Like the bomber jacket and peacoat, the N-1 jacket left the military on the back of war heroes, and into the hearts of American culture. Kids and celebrities alike started wearing them to look cool and embody that rebellious, post-war spirit.
Nowadays, you’ll find a variety of materials used to make the N-1 deck jacket but the original used very military specs.
Deck Jacket Materials
- Alpaca wool
- Jungle cloth
It’s the unique materials that get a lot of the heritage fashion nerds riled up. I’m pretty into my menswear and this jacket had two materials I’ve never owned before, and I love this stuff.
Let’s start with the Alpaca wool.
Alpaca and Wool Pile
“Alpaca fibers were first evaluated by the Army Air Corp in the late 1920s and 30s,” explains Charles, but the military did not utilize the fiber until the early 40s.
This change in the early 40s came about because resources like wool were becoming scarce during the war. The US Navy wanted to find a replacement for wool as their primary lining material and through trial and error, they found out that using a combination of equal parts alpaca and wool would create a material that was not only warm but also satisfied their supply chain issues.
(The military) would have liked to stay with sheep wool, but because the crunch of the war industry placed such a high demand for sheep wool, they wanted to reserve it for when they absolutely needed it.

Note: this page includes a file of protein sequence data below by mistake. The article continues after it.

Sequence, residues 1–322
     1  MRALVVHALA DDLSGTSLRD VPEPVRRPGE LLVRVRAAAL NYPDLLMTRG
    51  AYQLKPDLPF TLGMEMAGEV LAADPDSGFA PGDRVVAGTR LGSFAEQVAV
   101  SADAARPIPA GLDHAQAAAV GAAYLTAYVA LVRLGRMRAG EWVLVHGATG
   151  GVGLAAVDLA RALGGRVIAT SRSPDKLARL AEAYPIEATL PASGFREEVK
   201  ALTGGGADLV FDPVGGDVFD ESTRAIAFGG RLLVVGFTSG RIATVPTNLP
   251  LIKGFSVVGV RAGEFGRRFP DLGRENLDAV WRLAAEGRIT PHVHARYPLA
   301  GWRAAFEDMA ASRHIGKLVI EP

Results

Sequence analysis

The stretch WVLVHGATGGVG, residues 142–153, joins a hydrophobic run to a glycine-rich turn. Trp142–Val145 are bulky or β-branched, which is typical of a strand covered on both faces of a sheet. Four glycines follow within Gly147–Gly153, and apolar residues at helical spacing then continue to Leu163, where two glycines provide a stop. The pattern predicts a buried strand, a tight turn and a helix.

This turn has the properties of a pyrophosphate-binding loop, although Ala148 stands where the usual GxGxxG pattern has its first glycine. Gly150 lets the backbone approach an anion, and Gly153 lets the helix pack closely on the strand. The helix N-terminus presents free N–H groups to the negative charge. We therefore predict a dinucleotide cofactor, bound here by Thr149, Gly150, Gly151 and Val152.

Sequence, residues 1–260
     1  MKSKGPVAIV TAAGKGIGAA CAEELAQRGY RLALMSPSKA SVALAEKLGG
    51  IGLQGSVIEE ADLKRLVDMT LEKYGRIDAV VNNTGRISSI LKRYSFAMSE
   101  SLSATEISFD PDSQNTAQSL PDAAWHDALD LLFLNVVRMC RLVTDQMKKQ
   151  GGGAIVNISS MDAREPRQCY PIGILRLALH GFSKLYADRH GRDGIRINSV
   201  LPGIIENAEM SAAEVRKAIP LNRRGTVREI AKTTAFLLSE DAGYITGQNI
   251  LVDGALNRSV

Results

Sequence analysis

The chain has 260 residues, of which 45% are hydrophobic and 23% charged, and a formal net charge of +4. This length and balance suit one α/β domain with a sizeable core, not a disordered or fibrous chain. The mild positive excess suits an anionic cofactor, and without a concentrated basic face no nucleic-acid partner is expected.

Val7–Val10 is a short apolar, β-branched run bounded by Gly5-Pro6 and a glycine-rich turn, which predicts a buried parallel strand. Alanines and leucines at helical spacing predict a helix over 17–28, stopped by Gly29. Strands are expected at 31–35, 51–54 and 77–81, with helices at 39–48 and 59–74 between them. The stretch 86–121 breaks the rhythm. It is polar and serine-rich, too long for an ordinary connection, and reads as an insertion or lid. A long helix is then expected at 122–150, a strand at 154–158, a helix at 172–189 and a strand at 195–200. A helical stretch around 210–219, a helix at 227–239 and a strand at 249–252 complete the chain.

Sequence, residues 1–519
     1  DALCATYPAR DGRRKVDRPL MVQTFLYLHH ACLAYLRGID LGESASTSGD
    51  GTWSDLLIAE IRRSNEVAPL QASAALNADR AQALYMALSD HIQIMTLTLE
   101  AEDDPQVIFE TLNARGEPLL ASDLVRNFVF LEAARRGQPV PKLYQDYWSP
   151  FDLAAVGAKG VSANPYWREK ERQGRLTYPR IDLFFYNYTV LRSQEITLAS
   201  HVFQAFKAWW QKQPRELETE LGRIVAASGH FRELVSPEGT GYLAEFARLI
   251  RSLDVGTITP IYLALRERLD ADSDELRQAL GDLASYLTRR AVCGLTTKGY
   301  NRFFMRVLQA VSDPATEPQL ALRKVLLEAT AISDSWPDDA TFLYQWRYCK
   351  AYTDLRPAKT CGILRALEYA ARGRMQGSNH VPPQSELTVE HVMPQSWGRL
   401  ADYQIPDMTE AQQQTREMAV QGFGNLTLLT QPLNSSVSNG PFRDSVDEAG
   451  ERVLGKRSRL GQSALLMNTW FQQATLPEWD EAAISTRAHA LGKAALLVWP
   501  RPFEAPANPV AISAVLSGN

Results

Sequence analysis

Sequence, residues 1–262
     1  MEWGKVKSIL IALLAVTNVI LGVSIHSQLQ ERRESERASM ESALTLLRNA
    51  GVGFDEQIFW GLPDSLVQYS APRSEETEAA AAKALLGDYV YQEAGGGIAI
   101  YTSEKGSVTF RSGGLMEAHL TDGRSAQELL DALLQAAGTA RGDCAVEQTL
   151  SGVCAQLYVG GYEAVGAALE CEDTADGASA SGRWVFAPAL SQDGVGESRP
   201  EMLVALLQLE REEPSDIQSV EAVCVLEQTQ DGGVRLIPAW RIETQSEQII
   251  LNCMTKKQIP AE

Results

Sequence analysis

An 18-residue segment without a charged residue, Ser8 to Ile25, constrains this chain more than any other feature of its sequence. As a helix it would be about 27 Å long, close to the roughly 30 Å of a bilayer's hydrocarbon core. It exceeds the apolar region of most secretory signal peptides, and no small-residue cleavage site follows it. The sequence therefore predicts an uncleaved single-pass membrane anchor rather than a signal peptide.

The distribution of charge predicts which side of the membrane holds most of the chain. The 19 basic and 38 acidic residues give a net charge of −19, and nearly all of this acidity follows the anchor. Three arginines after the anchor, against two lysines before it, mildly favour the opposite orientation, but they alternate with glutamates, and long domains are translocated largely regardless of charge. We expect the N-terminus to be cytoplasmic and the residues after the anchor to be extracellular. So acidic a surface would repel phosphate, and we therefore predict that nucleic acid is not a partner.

Charles also explains that the military made the liner by “weaving the hairs of both animals through a cotton fabric that is almost screen-like. The result is a relatively lighter product than what you would have gotten if you used full sheep wool as sheep-lined goods typically included the sheep’s skin.”
That “screen-like” layer of cotton mesh that the fibers are woven through is the reason the lining is sometimes described as a mixture of wool, alpaca, and cotton: that cotton component is just the mesh, the lining proper is only wool and alpaca.
Alpaca is also considered warmer than wool because the fibers have more hollow space, and that creates a greater thermal capacity, meaning it allows for more warm air to fill it. It also has more tensile strength and it’s hypoallergenic because there’s no lanolin in it — but of course, the blend is still half sheep’s wool, so if you’re totally allergic instead of a little sensitive, that won’t make a huge difference.